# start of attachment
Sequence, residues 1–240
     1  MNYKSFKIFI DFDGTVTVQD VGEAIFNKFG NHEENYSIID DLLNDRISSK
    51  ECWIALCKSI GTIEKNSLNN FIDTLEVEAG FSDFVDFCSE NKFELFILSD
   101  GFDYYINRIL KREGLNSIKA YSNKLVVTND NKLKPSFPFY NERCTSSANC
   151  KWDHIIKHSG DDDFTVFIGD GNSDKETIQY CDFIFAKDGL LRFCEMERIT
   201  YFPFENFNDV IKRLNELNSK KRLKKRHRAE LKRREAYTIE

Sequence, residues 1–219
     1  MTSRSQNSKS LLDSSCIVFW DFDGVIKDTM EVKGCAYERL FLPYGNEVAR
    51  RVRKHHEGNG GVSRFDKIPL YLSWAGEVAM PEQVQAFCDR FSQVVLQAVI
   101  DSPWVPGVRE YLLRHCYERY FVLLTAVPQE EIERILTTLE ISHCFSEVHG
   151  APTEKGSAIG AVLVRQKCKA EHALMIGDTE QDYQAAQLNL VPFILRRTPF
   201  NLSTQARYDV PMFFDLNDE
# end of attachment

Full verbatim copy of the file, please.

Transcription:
Sequence, residues 1–240
     1  MNYKSFKIFI DFDGTVTVQD VGEAIFNKFG NHEENYSIID DLLNDRISSK
    51  ECWIALCKSI GTIEKNSLNN FIDTLEVEAG FSDFVDFCSE NKFELFILSD
   101  GFDYYINRIL KREGLNSIKA YSNKLVVTND NKLKPSFPFY NERCTSSANC
   151  KWDHIIKHSG DDDFTVFIGD GNSDKETIQY CDFIFAKDGL LRFCEMERIT
   201  YFPFENFNDV IKRLNELNSK KRLKKRHRAE LKRREAYTIE

Sequence, residues 1–219
     1  MTSRSQNSKS LLDSSCIVFW DFDGVIKDTM EVKGCAYERL FLPYGNEVAR
    51  RVRKHHEGNG GVSRFDKIPL YLSWAGEVAM PEQVQAFCDR FSQVVLQAVI
   101  DSPWVPGVRE YLLRHCYERY FVLLTAVPQE EIERILTTLE ISHCFSEVHG
   151  APTEKGSAIG AVLVRQKCKA EHALMIGDTE QDYQAAQLNL VPFILRRTPF
   201  NLSTQARYDV PMFFDLNDE